"How often do we read the critical comment that this work or that work appears 'labored.' And on the other hand, the calligraphic, the easily brushed style is highly admired; it has a free look about it. Extreme care is 'tight' and not good; extreme freedom is 'loose' and considered desirable. Art becomes increasingly free; it has freed itself from meaning in many cases, and freed itself of responsibility."
I find this so true in art I like. Basically, great art looks effortless. I love work that has a wonky or wobbly style, blended color or bold and unique line work. Art that is too forced or formulaic isn't interesting to me. It takes artist's years to develop their work so it looks effortless. That effortless generally is their style and what makes their work stand out.
The Education of an Artist
"Begin to draw as early in life as possible. If you begin quite early, use any convenient tool and draw upon any smooth uncluttered surfaces."
"...never be afraid to learn to draw or paint better than you already do..."
"Draw and draw, and paint, and learn to work in many media."
"In college or out of college, read, and form opinions."
Ugh, reminding myself yet again that I need to work on developing my skill. And draw and draw and draw.
Ultimately, he says this on The Education of an Artist:
Attend a university if you possibly can. There is no content of knowledge that is not pertinent to the work you will want to do. But before you attend a university work at something for a while. Do anything. Get a job in a potato field; or work as a grease-monkey in an auto repair shop. But if you do work in a field do not fail to observe the look and the feel of earth and of all things that you handle — yes, even potatoes! Or, in the auto shop, the smell of oil and grease and burning rubber. Paint of course, but if you have to lay aside painting for a time, continue to draw. Listen well to all conversations and be instructed by them and take all seriousness seriously. Never look down upon anything or anyone as not worthy of notice. In college or out of college, read. And form opinions! Read Sophocles and Euripides and Dante and Proust. Read everything that you can find about art except the reviews. Read the Bible; read Hume; read Pogo. Read all kinds of poetry and know many poets and many artists. Go to and art school, or two, or three, or take art courses at night if necessary. And paint and paint and draw and draw. Know all that you can, both curricular and noncurricular — mathematics and physics and economics, logic and particularly history. Know at least two languages besides your own, but anyway, know French. Look at pictures and more pictures. Look at every kind of visual symbol, every kind of emblem; do not spurn signboards of furniture drawings of this style of art or that style of art. Do not be afraid to like paintings honestly or to dislike them honestly, but if you do dislike them retain an open mind. Do not dismiss any school of art, not the Pre-Raphaelites nor the Hudson River School nor the German Genre painters. Talk and talk and sit at cafés, and listen to everything, to Brahms, to Brubeck, to the Italian hour on the radio. Listen to preachers in small town churches and in big city churches. Listen to politicians in New England town meetings and to rabble-rousers in Alabama. Even draw them. And remember that you are trying to learn to think what you want to think, that you are trying to co-ordinate mind and hand and eye. Go to all sorts of museums and galleries and to the studios of artists. Go to Paris and Madrid and Rome and Ravenna and Padua. Stand alone in Sainte Chapelle, in the Sistine Chapel, in the Church of the Carmine in Florence. Draw and draw and paint and learn to work in many media; try lithography and aquatint and silk-screen. Know all that you can about art, and by all means have opinions. Never be afraid to become embroiled in art of life or politics; never be afraid to learn to draw or paint better than you already do; and never be afraid to undertake any kind of art at all, however exalted or however common, but do it with distinction.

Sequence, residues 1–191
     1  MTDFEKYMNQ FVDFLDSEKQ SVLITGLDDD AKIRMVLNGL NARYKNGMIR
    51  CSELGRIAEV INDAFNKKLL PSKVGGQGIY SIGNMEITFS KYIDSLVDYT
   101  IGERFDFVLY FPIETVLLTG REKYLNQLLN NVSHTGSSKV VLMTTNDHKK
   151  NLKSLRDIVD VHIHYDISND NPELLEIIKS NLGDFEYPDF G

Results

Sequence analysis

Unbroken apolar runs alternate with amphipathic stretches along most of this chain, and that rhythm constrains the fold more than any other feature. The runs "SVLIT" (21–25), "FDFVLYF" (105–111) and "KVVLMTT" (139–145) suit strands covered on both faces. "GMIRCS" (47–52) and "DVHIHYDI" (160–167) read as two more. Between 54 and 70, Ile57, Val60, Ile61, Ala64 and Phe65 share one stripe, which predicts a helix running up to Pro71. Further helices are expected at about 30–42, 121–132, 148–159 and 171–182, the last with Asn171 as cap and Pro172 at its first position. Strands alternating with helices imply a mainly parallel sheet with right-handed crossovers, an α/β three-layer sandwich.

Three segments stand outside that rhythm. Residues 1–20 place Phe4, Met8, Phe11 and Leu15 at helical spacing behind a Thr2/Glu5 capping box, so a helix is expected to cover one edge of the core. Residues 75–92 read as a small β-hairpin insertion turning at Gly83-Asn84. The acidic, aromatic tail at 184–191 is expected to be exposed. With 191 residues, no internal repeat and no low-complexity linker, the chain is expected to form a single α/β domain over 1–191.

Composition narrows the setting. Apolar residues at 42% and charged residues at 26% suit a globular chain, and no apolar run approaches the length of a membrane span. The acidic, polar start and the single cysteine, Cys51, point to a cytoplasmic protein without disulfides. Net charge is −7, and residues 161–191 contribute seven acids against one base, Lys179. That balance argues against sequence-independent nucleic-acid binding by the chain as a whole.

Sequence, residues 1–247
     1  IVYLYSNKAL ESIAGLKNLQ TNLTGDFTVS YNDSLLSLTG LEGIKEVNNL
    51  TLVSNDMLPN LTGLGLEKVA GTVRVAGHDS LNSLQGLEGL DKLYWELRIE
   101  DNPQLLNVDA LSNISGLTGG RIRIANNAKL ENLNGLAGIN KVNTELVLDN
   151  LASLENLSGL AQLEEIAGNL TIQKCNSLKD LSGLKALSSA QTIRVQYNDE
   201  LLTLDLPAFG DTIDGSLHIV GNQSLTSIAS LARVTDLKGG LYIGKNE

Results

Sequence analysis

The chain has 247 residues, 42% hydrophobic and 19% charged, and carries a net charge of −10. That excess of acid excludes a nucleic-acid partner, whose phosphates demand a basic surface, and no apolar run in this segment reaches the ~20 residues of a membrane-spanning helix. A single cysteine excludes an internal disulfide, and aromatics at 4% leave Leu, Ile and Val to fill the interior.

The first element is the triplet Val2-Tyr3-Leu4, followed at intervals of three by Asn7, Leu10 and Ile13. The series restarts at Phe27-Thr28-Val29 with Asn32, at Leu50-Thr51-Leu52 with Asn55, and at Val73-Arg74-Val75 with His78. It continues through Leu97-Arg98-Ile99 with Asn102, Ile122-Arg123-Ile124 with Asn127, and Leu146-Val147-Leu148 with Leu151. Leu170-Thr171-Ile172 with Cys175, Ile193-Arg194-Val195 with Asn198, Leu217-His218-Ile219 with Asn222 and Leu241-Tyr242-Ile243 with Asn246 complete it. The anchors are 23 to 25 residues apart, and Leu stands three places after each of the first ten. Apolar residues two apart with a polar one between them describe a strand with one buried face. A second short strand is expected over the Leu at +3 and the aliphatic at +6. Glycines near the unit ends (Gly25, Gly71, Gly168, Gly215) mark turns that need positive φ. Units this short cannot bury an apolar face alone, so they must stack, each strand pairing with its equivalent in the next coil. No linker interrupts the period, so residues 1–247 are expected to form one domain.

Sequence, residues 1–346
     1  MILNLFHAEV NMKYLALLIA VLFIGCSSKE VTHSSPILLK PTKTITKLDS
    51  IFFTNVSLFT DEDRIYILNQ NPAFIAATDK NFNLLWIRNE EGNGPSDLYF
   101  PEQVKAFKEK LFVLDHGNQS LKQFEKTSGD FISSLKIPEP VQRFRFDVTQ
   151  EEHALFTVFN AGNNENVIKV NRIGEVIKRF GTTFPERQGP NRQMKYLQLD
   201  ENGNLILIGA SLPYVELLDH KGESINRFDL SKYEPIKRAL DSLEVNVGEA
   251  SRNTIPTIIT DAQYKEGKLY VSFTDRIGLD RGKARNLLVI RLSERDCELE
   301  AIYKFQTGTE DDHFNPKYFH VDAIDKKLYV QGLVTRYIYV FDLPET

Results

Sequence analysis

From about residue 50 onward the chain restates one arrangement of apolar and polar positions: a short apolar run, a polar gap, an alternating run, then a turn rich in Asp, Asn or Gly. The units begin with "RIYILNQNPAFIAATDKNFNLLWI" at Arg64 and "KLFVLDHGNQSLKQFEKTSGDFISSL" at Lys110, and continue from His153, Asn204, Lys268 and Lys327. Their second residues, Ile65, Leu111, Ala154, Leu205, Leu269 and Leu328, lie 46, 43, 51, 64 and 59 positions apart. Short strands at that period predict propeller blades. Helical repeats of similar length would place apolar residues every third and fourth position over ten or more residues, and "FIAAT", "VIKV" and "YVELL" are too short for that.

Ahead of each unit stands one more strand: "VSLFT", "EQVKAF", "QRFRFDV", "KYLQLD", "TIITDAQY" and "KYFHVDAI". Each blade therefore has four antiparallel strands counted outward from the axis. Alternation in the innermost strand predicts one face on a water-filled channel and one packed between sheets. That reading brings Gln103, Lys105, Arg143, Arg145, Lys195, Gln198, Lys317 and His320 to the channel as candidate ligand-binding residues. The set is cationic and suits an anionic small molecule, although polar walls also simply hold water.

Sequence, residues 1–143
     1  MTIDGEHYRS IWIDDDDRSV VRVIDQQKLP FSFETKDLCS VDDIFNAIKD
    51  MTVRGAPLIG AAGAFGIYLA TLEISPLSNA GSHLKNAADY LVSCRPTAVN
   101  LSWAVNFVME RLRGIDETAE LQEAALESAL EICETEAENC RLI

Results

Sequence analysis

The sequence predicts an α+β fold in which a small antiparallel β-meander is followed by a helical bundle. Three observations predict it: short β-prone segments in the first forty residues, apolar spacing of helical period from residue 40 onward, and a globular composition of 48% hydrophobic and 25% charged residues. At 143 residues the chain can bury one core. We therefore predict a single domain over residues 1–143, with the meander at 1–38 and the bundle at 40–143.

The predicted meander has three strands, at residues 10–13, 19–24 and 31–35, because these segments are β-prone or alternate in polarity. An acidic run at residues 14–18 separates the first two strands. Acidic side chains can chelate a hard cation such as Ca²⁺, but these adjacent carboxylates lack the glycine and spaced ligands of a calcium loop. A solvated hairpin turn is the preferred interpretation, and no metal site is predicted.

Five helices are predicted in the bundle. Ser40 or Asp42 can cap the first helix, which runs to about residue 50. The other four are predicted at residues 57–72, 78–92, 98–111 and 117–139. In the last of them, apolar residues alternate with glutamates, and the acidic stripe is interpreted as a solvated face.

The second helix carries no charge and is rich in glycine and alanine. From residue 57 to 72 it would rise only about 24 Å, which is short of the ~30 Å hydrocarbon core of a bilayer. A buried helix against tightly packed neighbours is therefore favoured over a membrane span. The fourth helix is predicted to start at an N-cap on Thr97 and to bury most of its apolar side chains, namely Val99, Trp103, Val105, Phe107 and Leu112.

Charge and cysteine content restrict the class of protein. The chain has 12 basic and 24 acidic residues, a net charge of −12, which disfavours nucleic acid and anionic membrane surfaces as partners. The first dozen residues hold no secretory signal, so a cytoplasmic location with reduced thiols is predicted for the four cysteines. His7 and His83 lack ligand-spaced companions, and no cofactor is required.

This book made me realize the holes in my art that I have been feeling lately, but I was not quite sure how to fill them. Some things I want to do:
- I want to dig deeper with my personal experience and views in my work. I felt this before reading the book, since the start of the New Year, but reading it helped solidify my need to do so.
- Nonconformism. Taking risks in your work or making work that is challenging or bold. Experiment. Make ugly stuff. Try new things. Learn from others.
- Keep improving my craft by taking classes and exploring new mediums.
I hope some of this was helpful for you too.